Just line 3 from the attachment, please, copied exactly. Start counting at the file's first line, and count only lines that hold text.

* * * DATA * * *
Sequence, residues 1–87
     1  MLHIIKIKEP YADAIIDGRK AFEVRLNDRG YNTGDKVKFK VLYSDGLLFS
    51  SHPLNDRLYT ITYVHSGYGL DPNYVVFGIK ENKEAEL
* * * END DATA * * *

    51  SHPLNDRLYT ITYVHSGYGL DPNYVVFGIK ENKEAEL